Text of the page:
In essence, Subspace has created its own real-time mapping of Internet traffic and conditions, similar to the way Waze maps traffic on roads and highways. And like Waze, which uses the information it gathers to reroute people based on the current traffic conditions, Subspace can do the same with Internet traffic, seeing beyond any one portion controlled by a particular operator.
Subspace uses custom global routers and routing systems, as well as dedicated fiber mesh networks, to provide alternative pathways for routes that, for one reason or another, tend to suffer from latency more than most. This hardware has been installed inside more than 100 data-center facilities worldwide. An IT administrator can easily arrange to route outgoing traffic through the Subspace network and thus get that traffic to its destination sooner than the traditional public domain name system (DNS) could manage.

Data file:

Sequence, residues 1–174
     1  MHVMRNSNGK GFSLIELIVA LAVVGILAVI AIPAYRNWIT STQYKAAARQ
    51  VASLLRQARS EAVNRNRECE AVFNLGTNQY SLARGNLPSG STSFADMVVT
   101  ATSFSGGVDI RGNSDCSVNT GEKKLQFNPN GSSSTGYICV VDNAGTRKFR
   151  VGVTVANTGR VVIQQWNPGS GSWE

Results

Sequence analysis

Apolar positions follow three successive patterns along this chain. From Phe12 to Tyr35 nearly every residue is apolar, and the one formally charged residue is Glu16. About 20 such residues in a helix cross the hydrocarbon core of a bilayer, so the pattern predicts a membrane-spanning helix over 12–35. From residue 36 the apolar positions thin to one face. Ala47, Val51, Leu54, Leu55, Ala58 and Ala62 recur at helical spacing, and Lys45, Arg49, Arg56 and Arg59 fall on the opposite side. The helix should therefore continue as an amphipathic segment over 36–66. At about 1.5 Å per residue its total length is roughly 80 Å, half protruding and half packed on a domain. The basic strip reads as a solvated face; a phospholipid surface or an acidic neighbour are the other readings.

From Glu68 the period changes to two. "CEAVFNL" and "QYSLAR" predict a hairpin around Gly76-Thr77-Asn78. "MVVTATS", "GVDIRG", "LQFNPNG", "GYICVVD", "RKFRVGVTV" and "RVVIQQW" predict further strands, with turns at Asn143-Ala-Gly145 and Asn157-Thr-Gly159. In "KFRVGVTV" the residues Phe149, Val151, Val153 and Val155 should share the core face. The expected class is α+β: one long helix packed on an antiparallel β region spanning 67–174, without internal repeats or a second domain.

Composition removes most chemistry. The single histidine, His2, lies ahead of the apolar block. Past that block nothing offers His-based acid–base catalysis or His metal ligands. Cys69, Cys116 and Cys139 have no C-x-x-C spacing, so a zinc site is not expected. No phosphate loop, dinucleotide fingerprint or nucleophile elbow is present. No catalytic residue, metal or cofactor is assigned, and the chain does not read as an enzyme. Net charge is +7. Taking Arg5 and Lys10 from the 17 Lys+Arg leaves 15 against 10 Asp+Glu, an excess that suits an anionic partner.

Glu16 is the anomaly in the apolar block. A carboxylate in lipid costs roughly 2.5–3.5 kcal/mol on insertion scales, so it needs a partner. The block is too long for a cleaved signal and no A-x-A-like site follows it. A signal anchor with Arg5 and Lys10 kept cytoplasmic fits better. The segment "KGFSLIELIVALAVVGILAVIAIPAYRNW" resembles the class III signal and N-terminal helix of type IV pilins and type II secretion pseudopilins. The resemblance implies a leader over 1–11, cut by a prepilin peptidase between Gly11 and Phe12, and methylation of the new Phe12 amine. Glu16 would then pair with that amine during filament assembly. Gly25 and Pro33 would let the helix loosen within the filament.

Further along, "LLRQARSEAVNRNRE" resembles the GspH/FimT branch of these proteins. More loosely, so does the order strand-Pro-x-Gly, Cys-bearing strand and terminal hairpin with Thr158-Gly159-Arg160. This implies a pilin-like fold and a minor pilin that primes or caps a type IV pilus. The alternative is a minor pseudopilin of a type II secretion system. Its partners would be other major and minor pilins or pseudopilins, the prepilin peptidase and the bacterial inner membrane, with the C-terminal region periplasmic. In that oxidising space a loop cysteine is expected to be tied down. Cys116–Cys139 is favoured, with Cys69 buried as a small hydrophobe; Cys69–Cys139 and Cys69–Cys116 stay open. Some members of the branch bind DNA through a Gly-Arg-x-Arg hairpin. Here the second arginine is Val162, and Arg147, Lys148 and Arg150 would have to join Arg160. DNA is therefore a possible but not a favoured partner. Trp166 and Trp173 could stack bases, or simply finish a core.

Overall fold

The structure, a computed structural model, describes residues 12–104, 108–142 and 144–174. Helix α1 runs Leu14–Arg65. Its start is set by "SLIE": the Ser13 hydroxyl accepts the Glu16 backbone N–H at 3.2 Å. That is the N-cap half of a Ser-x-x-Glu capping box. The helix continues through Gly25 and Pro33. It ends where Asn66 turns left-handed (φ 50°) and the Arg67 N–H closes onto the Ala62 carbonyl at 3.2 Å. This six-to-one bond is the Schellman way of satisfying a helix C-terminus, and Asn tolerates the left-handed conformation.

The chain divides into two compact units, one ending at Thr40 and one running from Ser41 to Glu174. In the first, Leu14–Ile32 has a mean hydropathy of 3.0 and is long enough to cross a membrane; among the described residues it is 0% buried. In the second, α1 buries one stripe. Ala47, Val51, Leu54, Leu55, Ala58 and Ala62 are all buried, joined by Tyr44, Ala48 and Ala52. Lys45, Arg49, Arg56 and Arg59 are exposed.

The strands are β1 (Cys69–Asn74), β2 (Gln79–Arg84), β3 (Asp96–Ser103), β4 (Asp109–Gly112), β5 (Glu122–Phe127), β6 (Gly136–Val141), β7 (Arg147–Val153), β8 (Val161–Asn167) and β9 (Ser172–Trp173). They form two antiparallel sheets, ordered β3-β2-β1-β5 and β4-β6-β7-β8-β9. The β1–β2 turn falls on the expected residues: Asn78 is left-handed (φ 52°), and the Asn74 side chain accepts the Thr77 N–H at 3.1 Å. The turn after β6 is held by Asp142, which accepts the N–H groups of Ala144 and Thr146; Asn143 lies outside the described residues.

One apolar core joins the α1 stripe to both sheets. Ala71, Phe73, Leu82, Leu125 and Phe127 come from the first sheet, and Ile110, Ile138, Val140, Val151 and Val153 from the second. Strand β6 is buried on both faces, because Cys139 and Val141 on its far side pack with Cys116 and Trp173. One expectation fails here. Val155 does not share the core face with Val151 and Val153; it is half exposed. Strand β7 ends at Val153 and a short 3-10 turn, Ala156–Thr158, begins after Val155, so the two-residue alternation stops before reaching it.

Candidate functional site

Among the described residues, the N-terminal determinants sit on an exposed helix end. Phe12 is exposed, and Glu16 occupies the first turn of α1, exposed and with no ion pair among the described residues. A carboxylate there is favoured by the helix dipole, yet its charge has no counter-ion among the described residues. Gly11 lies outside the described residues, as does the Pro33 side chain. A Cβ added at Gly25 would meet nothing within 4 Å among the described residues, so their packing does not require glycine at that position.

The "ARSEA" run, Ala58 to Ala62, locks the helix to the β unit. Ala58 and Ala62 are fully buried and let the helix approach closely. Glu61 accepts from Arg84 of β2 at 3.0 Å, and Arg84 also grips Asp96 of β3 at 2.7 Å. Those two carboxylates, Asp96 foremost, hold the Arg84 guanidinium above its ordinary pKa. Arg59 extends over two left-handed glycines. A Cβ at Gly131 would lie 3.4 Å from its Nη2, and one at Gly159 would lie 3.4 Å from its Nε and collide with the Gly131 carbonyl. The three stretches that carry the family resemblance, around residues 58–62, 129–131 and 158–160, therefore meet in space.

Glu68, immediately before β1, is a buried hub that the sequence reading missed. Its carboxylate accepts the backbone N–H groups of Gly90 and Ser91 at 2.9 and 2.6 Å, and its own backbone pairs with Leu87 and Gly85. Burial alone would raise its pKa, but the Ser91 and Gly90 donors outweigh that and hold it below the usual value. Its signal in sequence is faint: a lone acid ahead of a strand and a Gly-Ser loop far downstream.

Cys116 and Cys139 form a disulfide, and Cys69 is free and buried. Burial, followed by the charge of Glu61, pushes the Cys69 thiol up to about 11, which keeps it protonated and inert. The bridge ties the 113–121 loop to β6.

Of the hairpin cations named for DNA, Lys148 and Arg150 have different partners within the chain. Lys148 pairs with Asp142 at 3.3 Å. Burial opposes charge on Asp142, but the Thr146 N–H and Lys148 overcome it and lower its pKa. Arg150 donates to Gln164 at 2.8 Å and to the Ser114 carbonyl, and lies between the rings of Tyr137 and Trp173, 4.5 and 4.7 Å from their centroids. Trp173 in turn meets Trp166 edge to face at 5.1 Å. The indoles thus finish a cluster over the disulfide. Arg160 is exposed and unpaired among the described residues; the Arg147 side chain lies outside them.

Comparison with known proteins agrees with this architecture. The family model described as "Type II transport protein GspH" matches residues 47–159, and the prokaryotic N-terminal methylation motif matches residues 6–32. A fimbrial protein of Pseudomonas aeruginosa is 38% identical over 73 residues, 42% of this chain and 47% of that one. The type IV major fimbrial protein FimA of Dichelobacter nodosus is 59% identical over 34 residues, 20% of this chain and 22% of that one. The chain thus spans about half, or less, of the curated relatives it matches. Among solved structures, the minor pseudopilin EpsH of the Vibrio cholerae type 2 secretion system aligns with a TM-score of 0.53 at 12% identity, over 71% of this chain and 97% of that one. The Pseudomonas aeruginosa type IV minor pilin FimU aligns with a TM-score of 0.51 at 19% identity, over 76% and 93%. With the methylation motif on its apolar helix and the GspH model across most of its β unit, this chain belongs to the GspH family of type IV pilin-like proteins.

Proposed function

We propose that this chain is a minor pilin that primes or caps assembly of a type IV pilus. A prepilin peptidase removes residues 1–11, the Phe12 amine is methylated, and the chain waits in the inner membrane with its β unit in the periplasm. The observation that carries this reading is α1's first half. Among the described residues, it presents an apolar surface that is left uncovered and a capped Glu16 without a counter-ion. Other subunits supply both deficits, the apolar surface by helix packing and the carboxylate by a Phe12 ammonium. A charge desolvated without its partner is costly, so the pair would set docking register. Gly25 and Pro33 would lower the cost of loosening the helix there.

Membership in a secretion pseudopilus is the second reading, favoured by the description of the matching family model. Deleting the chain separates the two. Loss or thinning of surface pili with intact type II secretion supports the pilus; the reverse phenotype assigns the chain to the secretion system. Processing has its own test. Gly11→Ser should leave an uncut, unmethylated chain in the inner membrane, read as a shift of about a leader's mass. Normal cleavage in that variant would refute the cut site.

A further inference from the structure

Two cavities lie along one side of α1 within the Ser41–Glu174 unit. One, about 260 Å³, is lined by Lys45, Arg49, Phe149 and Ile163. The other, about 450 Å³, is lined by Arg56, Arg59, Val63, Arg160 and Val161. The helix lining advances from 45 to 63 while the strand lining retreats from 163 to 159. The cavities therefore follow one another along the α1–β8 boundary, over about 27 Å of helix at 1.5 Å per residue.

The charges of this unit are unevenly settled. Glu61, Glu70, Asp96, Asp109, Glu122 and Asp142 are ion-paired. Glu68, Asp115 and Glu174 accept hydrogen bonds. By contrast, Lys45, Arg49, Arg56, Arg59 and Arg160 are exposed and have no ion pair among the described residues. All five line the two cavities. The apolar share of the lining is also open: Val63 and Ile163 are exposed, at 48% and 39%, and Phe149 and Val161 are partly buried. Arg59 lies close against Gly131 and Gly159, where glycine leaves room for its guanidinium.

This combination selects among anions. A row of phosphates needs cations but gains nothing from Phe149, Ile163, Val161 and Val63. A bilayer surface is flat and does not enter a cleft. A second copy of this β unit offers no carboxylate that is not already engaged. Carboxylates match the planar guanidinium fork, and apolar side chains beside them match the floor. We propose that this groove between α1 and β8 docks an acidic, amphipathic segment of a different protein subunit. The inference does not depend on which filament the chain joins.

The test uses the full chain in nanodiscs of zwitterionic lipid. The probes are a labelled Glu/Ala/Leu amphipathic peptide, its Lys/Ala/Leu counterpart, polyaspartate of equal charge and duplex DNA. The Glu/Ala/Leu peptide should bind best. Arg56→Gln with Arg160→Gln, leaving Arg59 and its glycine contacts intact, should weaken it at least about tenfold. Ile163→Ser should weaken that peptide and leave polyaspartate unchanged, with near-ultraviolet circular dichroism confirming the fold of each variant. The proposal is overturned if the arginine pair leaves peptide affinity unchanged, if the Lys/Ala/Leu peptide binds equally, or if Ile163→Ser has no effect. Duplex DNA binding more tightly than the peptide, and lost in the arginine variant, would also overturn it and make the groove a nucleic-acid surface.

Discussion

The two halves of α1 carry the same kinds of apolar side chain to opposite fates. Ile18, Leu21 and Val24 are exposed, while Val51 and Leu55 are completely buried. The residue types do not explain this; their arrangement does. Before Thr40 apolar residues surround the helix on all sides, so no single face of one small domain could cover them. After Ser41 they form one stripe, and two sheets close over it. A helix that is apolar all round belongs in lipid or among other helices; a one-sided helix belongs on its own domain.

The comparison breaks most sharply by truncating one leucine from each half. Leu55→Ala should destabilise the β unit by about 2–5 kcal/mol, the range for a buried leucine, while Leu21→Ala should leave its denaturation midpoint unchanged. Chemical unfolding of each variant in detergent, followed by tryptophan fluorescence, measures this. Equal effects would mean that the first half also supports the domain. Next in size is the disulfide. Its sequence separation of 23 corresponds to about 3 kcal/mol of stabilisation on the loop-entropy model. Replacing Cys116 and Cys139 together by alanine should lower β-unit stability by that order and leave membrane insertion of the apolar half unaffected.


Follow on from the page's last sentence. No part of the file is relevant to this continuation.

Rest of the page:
In essence, Subspace has created its own real-time mapping of Internet traffic and conditions, similar to the way Waze maps traffic on roads and highways.
Subspace uses custom software to direct the traffic around any roadblocks that may lie between it and its target destination. In real time, the software takes network measurements of latency (in milliseconds), jitter (in latency variation), and packet loss (in the number of successfully delivered data packets within a time interval) on all possible paths. Whenever there is an unusual or unexpected latency spike—what we like to call “Internet weather”—the software automatically reroutes traffic across the entire network as needed.
Enterprises have tried to avoid bad Internet weather by building private networks using technologies such as SD-WAN (software-defined wide area networking) and MPLS (multiprotocol label switching). However, these methods work only when an entire workforce is reporting to a handful of centralized offices. If large numbers of employees are working from home, each home has to be treated as a branch office, making the logistics too complex and costly.